A de luxe edition of FACETS OF CEYLON HISTORY THROUGH THE LETTERS OF JERONIS PIERIS, by Michael Roberts, has been printed by Bay Owl Press in 2020 to replace the 1976 edn and is available for Rs 6500/ at Turf Equipment Ltd, 17A, Swarna Road, Colombo 6 as well as Barefoot, Cargills Book City, Sarasavi, Vijitha Yapa, Gallery Café bookshop, JamFruitTree, Kalaya, Pendi & Urban Island…. while foreign purchases could be secured via http://www.pererahussein.com.
The main text is the same as in 1976; but the index has been extended and numerous photographs of historical value have been added.
HERE the Thuppahi site presents some of the illustrative photographs that adorn this production — several of them quite rare and providing insights into the difficulties and developments within the expanding capitalist economy of British Ceylon in the coffee and coconut plantation era — 1830s to 1890s.
The mountains of capital they accumulated enabled these families to apportion portions of the monies towards charitable institutions in their home localities as well the Hanguranketa area …. and, last but not least, in the burgeoning capital city of Colombo where the property holdings of these two families impacted the shape of the new city around Kollupitiya and Cinnamon Gardens, while institutions such as The Bacteriological Institute, the De Soysa Lying-in-home and the De Soysa Medical Institute are a testimony towards their sense of social responsibility.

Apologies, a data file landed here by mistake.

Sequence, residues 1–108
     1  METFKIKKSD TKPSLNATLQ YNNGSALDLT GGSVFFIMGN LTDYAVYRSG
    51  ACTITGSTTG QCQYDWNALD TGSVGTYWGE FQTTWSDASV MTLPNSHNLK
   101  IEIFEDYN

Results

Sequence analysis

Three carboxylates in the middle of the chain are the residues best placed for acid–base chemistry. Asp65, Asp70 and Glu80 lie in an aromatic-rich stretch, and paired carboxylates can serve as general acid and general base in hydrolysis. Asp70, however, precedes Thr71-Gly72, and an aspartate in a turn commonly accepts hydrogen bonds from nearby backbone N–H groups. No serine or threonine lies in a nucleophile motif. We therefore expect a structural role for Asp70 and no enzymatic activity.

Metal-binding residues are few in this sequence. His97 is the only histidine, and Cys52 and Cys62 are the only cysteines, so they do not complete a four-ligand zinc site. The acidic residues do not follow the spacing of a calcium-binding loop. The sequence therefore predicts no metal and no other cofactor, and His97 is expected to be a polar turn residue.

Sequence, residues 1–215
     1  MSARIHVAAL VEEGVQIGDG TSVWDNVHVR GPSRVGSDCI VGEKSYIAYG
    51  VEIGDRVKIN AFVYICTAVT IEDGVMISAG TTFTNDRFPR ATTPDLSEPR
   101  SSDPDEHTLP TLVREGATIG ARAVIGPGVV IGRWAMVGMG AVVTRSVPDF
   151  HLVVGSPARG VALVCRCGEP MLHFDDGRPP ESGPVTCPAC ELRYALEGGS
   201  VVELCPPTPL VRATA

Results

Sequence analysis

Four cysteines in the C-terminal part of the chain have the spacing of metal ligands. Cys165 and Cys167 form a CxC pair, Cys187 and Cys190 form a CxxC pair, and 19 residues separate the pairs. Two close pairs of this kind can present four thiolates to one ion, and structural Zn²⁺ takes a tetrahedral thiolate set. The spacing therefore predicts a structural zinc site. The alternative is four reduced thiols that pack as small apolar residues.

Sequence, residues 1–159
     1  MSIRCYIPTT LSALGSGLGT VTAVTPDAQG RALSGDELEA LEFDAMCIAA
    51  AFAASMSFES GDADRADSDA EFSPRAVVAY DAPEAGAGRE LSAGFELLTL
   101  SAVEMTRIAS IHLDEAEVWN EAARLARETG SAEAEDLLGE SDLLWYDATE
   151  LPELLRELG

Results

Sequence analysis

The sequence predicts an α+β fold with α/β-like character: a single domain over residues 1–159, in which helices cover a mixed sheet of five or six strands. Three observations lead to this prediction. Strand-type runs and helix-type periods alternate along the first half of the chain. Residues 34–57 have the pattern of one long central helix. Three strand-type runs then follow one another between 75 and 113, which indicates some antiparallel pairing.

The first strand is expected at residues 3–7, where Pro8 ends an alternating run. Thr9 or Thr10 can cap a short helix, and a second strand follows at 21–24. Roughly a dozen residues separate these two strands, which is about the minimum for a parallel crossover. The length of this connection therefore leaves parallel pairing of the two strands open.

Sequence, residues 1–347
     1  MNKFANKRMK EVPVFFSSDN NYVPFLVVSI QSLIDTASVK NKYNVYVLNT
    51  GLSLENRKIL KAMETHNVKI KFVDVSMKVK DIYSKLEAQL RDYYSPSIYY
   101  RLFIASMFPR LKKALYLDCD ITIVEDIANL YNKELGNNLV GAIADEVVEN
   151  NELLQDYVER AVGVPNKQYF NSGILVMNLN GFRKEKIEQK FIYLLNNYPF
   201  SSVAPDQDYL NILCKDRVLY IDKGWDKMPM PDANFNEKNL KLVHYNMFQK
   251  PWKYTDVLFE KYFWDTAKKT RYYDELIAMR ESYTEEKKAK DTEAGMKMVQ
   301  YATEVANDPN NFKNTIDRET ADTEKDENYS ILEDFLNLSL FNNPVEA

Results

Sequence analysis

Jeronis Pieris attended the Colombo Academy in the 1830s and secured a facility in the English language that is evident in his letters. But, unlike such compatriots as Charles Ambrose Lorenz and James Alexander Dunuwille, he joined the Warusahānnādigē de Soysas in the trading and plantation fields in the highlands and in their home arena inland from Panadura and Moratuwa.
That the photographs of Lorenz, Richard Morgan and Dunuwille adorn the VINTAGE ALBUM along with Revd. Barcroft Boake, his Principal at the Colombo Academy, serve as testimony to the value which Jeronis Pieris and his kin attributed to this foundation. It is well-known that (Sir) Richard Morgan was instrumental in securing a socio-political coup de grace for the De Soysas when the Prince of Wales visited Ceylon in 1870: they were given the privilege of hosting the Prince and his entourage in the only non-official function within th capital city — a decision which would have aroused great chagrin amidst the Obeyesekere-Bandaranaike clans of the Govigama ‘aristrocracy’.
The Genealogies of the Jeronis Pieris family and the Charles Henry de Soysa family have also been updated and included in this new version of the book.
One response to “Jeronis Pieris and His Times”
Pingback: Diluted Sinhalaness in the Crucible of Violence | Thuppahi's Blog